Of course it's possible. However, it will take significantly more CPU resources than having a UART do all the low level timing for you.
Transmitting is easier than receiving because you own the clock. You know when the leading edge of the start bit is, so you don't have to do any sub-bit timing.
For receiving, you have to synchronize to the leading edge of the start bit. A method I used once is to interrupt on the falling edge when not in a character. This then sets up a timer to interrupt in the middle of subsequent bits. Note that the first interrupt period is 1½ bit times and the remaining intervals 1 bits times. If you know the interrupt latency, you can compensate for it by loading the timer with a shorter value. In the interrupt for the last bit, you turn off the timer interrupt and re-enable the falling edge interrupt, which arms the system ready to receive the next byte.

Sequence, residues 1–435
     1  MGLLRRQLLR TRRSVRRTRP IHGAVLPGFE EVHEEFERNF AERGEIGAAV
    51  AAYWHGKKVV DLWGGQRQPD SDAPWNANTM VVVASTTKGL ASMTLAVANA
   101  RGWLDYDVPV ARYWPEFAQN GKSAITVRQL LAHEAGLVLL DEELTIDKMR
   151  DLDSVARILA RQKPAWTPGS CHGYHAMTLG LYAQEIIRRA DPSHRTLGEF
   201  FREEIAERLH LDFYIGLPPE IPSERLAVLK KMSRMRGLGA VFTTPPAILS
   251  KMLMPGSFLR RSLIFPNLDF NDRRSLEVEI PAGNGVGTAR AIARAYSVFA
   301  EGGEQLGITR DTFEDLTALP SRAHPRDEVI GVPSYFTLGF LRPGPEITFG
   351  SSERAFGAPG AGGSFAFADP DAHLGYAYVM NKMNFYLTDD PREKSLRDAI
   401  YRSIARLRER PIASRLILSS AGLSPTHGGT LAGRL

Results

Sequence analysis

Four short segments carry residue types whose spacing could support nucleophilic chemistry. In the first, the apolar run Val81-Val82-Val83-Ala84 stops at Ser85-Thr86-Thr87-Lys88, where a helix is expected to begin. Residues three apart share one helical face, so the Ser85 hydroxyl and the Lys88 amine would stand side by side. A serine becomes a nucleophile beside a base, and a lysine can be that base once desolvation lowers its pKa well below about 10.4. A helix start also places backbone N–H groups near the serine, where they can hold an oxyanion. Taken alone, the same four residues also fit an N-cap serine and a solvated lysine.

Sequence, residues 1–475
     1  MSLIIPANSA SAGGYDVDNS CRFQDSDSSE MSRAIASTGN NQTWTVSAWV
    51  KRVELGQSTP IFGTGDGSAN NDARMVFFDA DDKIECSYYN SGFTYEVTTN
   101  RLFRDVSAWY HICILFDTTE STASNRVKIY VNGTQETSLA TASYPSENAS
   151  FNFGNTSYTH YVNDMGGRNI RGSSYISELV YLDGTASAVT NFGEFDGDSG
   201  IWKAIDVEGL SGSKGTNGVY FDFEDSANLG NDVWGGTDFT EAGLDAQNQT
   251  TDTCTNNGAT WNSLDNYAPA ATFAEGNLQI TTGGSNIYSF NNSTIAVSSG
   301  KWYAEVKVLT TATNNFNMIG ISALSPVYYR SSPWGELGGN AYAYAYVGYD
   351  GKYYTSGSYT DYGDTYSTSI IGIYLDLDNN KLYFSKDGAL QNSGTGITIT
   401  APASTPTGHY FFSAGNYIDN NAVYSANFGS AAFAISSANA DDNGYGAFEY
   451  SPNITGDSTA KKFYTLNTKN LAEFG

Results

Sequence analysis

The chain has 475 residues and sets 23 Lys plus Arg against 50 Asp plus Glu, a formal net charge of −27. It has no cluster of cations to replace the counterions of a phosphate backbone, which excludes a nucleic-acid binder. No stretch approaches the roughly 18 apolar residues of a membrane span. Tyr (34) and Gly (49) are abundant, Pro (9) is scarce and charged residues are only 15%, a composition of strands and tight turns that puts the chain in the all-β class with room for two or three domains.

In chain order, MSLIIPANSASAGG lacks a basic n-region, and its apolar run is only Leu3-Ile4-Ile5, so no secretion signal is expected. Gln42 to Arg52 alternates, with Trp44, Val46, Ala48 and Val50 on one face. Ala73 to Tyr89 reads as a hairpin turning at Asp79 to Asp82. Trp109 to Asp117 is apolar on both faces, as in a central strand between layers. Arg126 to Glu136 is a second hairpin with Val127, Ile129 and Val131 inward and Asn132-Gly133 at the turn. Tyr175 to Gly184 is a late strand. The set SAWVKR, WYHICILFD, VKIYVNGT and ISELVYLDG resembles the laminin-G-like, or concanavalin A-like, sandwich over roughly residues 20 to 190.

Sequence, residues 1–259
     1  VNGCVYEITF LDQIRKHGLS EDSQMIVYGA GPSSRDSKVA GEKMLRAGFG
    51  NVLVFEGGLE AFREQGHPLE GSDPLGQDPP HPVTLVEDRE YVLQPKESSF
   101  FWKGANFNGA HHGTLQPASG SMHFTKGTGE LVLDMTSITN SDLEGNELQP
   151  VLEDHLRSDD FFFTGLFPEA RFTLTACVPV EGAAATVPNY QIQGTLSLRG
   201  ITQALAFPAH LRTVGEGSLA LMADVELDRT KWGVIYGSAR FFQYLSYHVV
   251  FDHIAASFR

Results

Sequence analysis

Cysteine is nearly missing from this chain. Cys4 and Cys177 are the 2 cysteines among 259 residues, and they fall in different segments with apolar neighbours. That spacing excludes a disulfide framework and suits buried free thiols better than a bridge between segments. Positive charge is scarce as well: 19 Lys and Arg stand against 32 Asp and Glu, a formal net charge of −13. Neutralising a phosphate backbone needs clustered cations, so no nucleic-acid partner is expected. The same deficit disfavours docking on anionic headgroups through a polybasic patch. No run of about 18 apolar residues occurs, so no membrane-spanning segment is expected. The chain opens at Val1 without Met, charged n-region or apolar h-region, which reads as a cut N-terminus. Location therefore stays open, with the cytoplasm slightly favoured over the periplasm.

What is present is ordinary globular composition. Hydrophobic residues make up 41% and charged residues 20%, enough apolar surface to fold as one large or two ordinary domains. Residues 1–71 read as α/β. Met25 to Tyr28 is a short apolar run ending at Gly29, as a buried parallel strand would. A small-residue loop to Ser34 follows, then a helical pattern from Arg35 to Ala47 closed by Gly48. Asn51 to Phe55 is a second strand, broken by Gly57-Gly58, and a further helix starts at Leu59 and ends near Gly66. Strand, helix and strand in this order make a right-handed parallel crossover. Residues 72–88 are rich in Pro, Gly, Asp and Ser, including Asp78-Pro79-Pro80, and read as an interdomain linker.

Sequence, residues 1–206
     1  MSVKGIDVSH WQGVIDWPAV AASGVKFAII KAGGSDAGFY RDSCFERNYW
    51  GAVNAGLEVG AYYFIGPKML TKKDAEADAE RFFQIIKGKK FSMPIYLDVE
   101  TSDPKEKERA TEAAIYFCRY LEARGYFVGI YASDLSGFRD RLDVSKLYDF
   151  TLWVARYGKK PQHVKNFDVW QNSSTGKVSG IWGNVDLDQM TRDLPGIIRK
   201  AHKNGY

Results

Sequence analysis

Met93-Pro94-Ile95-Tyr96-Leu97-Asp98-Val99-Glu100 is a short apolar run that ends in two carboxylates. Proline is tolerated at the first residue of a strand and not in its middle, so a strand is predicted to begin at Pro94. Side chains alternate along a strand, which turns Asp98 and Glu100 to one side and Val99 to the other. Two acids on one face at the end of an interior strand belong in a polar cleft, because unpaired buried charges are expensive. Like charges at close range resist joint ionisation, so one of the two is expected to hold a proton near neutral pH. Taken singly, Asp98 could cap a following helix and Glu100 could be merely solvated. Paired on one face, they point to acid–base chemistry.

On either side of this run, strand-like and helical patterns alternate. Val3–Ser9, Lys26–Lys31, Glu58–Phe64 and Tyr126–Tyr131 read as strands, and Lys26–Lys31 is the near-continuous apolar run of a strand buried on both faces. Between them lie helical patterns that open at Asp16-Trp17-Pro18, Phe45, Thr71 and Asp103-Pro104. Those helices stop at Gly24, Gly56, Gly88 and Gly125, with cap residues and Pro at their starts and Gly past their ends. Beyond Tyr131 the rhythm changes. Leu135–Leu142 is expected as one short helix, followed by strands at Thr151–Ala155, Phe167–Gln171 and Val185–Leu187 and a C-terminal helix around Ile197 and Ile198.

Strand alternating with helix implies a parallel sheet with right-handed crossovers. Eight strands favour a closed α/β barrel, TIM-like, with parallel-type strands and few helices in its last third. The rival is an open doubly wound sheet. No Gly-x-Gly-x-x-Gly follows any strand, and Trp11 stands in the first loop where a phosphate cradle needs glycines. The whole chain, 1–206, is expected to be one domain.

There are also external UART chips. These can interface over IIC, SPI, or parallel lines. That takes more hardware, but a lot less CPU.
There are lots of methods, each with its own tradeoffs between criteria.